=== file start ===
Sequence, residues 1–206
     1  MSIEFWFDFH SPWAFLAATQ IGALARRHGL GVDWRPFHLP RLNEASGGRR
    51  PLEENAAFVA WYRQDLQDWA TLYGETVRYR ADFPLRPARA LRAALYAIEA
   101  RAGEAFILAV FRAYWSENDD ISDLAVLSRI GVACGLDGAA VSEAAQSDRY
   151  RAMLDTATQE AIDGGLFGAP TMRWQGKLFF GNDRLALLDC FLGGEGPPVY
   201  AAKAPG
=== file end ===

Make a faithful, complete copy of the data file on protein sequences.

Sequence, residues 1–206
     1  MSIEFWFDFH SPWAFLAATQ IGALARRHGL GVDWRPFHLP RLNEASGGRR
    51  PLEENAAFVA WYRQDLQDWA TLYGETVRYR ADFPLRPARA LRAALYAIEA
   101  RAGEAFILAV FRAYWSENDD ISDLAVLSRI GVACGLDGAA VSEAAQSDRY
   151  RAMLDTATQE AIDGGLFGAP TMRWQGKLFF GNDRLALLDC FLGGEGPPVY
   201  AAKAPG